Ghostwriting gets more sinister when the anonymous writers are being paid by pharmaceutical companies to write scientific papers that supposedly reputable researchers then put their names on.
Until now, my biggest issue with Big Pharma was their underwriting of studies that included their products. At least when those results were published, the authors disclosed that their research was funded by Company X.
But that wasn’t good enough for Wyeth Pharmaceuticals, who was cashing in big time a few years ago on the popularity of hormone replacement drugs like Premarin. According to a New York Times story, they hired a ghostwriting company to write papers touting the benefits of hormone replacement therapy and then got doctors to put their names on the papers and submit them for publication in reputable medical journals — without any mention of Wyeth’s participation.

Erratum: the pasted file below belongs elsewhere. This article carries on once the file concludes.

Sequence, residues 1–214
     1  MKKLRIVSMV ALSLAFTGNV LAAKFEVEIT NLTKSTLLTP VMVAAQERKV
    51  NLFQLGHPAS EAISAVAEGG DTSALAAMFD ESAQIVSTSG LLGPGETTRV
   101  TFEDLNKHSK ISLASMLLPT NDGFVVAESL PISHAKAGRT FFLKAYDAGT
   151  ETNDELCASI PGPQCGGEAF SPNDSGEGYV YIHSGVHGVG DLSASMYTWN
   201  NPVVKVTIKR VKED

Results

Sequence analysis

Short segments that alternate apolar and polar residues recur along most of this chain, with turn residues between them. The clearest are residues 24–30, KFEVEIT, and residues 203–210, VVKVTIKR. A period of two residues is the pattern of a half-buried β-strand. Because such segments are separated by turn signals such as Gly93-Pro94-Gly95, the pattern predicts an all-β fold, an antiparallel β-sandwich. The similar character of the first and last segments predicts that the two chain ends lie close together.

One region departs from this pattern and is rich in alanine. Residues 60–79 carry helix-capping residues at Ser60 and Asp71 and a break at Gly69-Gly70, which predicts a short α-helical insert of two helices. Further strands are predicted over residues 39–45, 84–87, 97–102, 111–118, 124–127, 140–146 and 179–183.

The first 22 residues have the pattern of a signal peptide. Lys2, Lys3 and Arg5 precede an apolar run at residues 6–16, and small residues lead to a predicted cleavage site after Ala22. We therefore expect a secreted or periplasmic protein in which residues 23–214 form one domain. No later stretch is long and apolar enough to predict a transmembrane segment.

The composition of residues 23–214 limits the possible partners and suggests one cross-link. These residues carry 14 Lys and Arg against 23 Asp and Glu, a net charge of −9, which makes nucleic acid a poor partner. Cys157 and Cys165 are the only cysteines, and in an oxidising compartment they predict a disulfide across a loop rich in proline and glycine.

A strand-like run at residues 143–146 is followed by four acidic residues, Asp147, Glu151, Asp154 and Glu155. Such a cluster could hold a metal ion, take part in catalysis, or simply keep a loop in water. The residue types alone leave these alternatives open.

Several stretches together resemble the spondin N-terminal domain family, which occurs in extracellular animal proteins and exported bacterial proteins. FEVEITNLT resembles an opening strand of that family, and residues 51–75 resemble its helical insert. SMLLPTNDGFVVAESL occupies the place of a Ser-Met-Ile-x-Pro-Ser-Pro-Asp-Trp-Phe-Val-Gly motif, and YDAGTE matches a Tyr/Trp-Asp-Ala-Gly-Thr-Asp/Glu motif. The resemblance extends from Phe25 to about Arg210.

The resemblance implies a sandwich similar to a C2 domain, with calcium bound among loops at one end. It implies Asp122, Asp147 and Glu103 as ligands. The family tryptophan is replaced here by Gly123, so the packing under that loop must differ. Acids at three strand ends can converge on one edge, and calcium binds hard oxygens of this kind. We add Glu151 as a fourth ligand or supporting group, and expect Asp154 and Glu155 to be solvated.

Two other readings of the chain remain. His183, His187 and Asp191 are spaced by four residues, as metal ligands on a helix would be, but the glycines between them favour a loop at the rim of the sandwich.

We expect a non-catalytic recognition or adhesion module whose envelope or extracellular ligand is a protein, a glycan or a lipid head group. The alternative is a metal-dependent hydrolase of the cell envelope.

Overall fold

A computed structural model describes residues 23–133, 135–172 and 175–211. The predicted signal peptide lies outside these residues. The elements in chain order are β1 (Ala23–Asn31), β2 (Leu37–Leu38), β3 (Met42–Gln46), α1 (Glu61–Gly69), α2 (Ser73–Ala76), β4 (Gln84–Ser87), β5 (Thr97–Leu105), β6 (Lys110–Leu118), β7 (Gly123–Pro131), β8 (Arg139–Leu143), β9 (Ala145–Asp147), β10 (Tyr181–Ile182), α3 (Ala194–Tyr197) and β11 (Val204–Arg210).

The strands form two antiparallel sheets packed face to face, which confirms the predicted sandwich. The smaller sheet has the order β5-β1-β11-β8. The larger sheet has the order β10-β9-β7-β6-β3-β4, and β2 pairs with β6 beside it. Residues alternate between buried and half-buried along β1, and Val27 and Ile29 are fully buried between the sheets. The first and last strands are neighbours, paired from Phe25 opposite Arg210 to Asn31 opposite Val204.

Obviously there are some major problems with this. Doctors and researchers who submit papers for publication are supposed the be the actual authors of those papers, as well as the people who did the work, made the analysis, and reached the conclusions therein. A paper written by some anonymous someone is simply not creditable. Nor is the researcher who would put his or her name on such a paper.
What are we to think, then, knowing our doctors routinely get their information from such papers? They have no way of knowing if their favorite medical journal was duped into publishing a paper secretly commissioned by a pharmaceutical company. And the journal has no good reason to question an apparently legitimate paper submitted by reputable researchers.
Wyeth has, for profit, abused and subverted a system built on trust and professional reputations. How many more pharmaceutical companies are out there doing the same thing? It may be a good thing that doctors and patients view their information sources with a more critical eye, but it’s disturbing to think that once again the public’s health has been put at risk so that a greedy corporation might profit.